A free trade area, unlike a customs union, which by definition has a common external tariff, needs to devise rules of origin so that deflections of trade may be avoided. Without origin requirements, goods would enter the free trade zone where the tariff is lowest and proceed, free of duty, to where the tariff is higher. While there can be few objections to this from a theoretical point of view, one of the practical attractions of a free trade area for governments is the compatibility of a certain amount of economic integration with the retention of sovereignty over tariff policy. If deflections of trade were permitted, only the lowest tariffs in the free trade area would be operative, and this sovereignty would be entirely symbolic.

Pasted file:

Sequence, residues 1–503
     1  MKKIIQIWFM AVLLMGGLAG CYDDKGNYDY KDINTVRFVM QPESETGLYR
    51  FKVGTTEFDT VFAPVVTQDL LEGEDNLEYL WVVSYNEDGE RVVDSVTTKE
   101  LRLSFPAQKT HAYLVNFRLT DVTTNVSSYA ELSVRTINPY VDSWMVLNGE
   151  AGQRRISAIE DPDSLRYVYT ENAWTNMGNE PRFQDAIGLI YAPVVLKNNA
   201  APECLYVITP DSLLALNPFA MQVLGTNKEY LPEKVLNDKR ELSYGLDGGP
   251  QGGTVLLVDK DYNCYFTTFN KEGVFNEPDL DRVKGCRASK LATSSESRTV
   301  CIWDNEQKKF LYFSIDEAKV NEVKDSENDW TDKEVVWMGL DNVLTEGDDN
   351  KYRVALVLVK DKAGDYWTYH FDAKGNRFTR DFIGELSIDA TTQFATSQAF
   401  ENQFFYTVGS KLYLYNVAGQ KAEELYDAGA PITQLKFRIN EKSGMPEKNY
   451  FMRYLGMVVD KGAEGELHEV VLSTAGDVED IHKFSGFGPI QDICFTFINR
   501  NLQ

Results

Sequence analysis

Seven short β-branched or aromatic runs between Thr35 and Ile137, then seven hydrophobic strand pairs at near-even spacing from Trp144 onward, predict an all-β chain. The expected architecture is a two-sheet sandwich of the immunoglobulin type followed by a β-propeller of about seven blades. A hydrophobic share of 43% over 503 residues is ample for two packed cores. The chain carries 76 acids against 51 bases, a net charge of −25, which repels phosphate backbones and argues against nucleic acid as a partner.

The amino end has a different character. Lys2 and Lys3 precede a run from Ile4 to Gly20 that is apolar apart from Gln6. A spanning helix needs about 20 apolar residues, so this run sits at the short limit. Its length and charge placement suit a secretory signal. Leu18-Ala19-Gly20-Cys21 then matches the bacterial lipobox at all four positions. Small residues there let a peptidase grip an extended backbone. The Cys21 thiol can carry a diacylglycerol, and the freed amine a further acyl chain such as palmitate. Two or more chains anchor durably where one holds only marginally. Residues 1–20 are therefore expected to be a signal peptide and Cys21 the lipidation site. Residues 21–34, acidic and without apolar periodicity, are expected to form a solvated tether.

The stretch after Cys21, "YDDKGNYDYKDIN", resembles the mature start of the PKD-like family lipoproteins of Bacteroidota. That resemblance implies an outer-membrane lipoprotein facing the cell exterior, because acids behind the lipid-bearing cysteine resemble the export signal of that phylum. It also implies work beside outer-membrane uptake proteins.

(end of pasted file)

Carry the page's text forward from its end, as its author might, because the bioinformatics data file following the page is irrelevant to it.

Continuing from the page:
Weitere Kapitel dieses Buchs durch Wischen aufrufen
- Rules of Origin and Deflections of Trade and Production
- Palgrave Macmillan UK
- Chapter 6
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